Non-industry Talent are Joining the Sports Industry, but can we do more?

After the key findings of our People Agenda 3rd Edition report, It is interesting to see that nearly half of new hires have come from outside of sports.

Now in its third year, the People Agenda was created to give a global, data-driven analysis of attitudes and behaviours across the sports industry employee market. It is the definitive annual temperature check to help those running sports businesses make better and more informed decisions around their HR strategy and how to attract and retain the best possible talent.

Attracting Broader & Diverse Talent

The pace of sport’s continued professionalisation – and ability to open up new, sustainable revenue streams and develop performance talent – is dependent on its ability to attract and nurture professionals with new perspectives, expertise and skills.

And in the last 12 months, sport excelled in this area with just under half (42%) of new hires coming from outside sport. And with 33% of new hires at a senior level – and a fifth (19%) into data and technology roles – sport has done an excellent job matching experience and skills gaps.

However, the vast majority (83%) of new hires in the last 12 months were male, highlighting the industry's continued diversity challenge.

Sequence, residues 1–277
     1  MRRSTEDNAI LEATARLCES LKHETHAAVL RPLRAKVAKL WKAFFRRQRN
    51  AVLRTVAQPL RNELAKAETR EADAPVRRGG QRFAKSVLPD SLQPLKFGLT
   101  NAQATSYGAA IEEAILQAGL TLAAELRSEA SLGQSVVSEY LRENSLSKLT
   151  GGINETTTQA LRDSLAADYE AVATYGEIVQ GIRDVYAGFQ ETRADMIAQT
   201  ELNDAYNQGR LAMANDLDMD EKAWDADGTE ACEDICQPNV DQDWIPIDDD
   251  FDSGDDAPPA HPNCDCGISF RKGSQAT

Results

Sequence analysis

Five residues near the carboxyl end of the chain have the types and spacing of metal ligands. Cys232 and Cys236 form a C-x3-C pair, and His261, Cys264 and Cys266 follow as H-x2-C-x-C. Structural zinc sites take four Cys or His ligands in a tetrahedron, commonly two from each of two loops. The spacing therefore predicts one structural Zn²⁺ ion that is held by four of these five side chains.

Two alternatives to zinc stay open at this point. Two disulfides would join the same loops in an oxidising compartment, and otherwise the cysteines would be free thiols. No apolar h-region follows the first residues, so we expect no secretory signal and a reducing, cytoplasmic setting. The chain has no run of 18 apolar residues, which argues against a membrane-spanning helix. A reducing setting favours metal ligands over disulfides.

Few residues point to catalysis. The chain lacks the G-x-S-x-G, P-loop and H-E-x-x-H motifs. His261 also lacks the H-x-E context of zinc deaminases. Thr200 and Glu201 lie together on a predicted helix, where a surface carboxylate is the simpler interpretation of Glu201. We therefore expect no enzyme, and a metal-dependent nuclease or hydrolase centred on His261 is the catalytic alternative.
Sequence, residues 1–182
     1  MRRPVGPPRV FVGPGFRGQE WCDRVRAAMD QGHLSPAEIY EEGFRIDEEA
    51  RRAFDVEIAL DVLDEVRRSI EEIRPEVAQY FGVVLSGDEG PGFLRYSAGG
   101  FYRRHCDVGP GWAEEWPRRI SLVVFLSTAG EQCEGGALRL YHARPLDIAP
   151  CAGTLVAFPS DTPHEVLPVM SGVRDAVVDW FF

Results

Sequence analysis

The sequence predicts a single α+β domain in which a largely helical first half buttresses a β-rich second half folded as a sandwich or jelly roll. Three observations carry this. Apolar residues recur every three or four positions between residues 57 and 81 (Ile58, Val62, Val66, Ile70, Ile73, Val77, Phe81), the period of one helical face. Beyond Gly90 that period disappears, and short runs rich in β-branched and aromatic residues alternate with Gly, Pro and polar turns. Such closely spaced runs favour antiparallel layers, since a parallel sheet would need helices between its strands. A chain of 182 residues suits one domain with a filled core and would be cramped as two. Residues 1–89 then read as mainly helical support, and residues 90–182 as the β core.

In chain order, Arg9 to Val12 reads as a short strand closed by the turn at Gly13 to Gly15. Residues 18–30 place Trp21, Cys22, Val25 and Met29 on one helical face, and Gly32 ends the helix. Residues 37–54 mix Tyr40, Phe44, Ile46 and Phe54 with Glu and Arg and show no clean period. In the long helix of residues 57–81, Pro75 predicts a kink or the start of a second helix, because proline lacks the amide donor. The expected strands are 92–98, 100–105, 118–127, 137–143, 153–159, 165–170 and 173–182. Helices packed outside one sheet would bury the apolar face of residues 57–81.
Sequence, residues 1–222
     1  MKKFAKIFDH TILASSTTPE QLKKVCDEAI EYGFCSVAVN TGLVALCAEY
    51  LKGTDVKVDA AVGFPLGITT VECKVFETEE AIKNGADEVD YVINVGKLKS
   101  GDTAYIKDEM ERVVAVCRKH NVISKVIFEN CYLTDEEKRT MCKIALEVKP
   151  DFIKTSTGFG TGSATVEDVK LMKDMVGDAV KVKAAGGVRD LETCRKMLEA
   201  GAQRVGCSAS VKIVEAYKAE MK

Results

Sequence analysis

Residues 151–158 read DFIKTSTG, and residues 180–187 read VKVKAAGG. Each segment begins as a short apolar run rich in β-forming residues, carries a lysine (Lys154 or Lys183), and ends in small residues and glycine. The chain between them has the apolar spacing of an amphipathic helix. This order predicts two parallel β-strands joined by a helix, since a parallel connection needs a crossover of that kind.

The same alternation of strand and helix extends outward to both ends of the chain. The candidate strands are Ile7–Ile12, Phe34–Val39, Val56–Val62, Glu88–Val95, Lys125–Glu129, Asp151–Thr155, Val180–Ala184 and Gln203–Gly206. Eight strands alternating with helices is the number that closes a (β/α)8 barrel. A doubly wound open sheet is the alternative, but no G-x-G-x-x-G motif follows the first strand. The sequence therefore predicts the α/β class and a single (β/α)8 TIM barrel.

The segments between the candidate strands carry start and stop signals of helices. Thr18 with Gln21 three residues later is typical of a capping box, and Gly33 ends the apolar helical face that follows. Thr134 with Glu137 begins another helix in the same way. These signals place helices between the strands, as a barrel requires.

The Global Sports network currently has 36% non-industry talent, 26% females and 46% from ethnic minority backgrounds. Through our embedded hiring solutions we can help your business specifically hire diverse talent and meet your specific ED&I targets.


I believe that a well-balanced workforce is critical to the success of planning and delivering major events to a world class standard. This industry thrives from creative thinking and innovative solutions to an ever changing global landscape, this can only be achieved with a diverse workforce coming together from different backgrounds and industries.
The key messages that sport is able to deliver around global and social issues is driving innovation, these events can be a catalyst for change which aligns to the need for a div.
Stuart Campbell, Championship Director, World Athletics Indoor Championships 2024, Glasgow



This year's People Agenda emphasises the international mobility of the sports industry workforce – with more than one in three (35%) of people in the industry working outside their country of origin.

For example in Switzerland, home to a range of international federations and the IOC, 77% of people who currently work for Swiss-based organisations are not from Switzerland originally. Across the entire Swiss workforce, only 20% are classed as foreign workers.

To enable employers to attract a flow of diverse new talent and stem the drain of attrition, organisations must embrace hiring processes that embrace a globally-diverse workforce.

This means creating processes and a culture that allows international talent to relocate and settle, and allowing professionals to work remotely where needed. This is what the sports industry means by the 'workplace' is redefined.

DOWNLOAD your copy of the full report to view the data around this topic and more ⏬

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